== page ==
Infinite scrolling has been with us for a good few years. Many of the biggest sites on the web have embraced infinite scrolling, and it’s easy to see why. The more content we feed to visitors, the longer they’ll stay on our sites. If they have to click on a pagination link when they reach the bottom of a page, they might decide to go somewhere else.
Infinite scrolling can enhance a user’s experience, and I’ve seen it implemented well on a number of sites. But they’re far outweighed by the sites that don’t sweat the details. The infinite scrolling may work, but on a site that was originally designed for pagination, installing an infinite scrolling plugin and calling it a day isn’t enough.
Why So Slow?
The number one problem I see with infinite scrolling is poor performance. The whole point of infinite scrolling is that users don’t have to wait around for more content to load. Infinity is continuous, and an infinite stream of 20-second pauses during which I watch a spinner as the site struggles load the next set of entries isn’t my idea of fun.
If you think your site would benefit from infinite scrolling, take the time to make sure that it doesn’t offer a worse experience than pagination.
Race To The Footer
This one baffles me. Why implement infinite scrolling and then put vital links in the footer that no-one will ever see. I’m not going to call any one site out here, but I’ve come across any number that have useful links that can only be glanced for a moment before they disappear off the screen as new content loads.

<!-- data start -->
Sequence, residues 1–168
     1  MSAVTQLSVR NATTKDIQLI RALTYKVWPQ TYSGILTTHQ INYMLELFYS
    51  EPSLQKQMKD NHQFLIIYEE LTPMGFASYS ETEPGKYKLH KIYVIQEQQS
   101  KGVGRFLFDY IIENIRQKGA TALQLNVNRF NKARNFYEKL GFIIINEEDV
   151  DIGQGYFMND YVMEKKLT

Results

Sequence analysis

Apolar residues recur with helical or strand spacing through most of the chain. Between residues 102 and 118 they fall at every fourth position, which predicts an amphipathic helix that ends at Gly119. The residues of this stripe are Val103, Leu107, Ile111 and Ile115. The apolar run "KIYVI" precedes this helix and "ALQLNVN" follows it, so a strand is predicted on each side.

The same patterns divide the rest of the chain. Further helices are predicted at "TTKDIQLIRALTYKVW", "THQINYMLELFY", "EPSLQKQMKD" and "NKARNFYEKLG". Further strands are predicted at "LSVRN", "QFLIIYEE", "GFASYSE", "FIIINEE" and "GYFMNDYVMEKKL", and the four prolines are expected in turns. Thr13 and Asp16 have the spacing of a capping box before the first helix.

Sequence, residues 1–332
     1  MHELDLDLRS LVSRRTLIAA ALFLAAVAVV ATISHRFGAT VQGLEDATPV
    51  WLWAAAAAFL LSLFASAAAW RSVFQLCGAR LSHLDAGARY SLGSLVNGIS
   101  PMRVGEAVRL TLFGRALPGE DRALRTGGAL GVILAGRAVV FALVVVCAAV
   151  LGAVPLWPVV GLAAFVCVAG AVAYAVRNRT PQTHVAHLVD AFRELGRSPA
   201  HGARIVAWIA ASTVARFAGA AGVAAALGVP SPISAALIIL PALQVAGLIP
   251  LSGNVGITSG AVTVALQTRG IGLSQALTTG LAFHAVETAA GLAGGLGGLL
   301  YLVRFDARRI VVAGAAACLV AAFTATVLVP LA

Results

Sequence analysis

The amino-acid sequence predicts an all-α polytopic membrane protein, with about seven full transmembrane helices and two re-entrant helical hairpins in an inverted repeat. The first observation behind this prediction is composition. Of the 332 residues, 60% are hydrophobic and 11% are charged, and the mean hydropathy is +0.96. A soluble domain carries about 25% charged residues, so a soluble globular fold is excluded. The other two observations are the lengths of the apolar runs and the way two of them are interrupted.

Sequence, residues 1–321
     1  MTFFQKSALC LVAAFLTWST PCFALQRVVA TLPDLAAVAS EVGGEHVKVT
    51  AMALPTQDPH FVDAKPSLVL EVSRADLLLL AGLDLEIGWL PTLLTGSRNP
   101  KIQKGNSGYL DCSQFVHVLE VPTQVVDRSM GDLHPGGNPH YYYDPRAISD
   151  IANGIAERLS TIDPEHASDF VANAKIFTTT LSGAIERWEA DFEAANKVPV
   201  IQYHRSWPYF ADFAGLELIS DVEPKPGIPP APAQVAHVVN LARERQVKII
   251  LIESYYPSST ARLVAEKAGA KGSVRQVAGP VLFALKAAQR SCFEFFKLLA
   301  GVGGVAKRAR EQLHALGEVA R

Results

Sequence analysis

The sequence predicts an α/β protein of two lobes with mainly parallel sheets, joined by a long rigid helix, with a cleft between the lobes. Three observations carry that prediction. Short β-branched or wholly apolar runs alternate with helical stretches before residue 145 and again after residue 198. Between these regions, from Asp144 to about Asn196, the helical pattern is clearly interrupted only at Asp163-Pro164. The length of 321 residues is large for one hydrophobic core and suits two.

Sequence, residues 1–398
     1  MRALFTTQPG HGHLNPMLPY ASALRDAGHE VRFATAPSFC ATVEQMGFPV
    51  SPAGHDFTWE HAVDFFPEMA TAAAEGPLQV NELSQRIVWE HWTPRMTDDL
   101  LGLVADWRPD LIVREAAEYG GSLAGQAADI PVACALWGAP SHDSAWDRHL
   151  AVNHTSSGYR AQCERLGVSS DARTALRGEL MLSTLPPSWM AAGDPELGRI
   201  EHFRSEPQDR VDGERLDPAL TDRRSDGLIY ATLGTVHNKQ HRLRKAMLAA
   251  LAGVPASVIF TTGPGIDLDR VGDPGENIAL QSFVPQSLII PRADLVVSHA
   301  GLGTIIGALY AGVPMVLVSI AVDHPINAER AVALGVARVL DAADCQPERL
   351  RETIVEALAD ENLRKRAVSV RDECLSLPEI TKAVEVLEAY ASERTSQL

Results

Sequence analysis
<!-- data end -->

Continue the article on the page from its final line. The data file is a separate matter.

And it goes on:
In reality, I know why sites do this: there’s an SEO benefit to having footer links, and they’re not really intended for use by human visitors. But, if you want to have an SEO-only footer, make sure you move important links — like those to the About or Contacts page — into a sidebar or navigation element.
Where Was I?
Finally, and perhaps most frustratingly, when I click on a link to an article presented four pages down in an infinite stream, I want to be returned to the same place in the list when I click the back button. If I’m returned to the top of the list and forced to scroll all the way back down to my previous position, I’m likely to just give up.
Failing to retain the user’s scroll position breaks one of the fundamental expectations of the web. If infinite scrolling is meant to make users click on more links, defeating their attempts to do so isn’t smart.
As I said, I don’t have a problem with infinite scrolling if it’s implemented properly, but more often than not, it doesn’t provide the intuitive and helpful experience it’s intended to.Posted in: Nexcess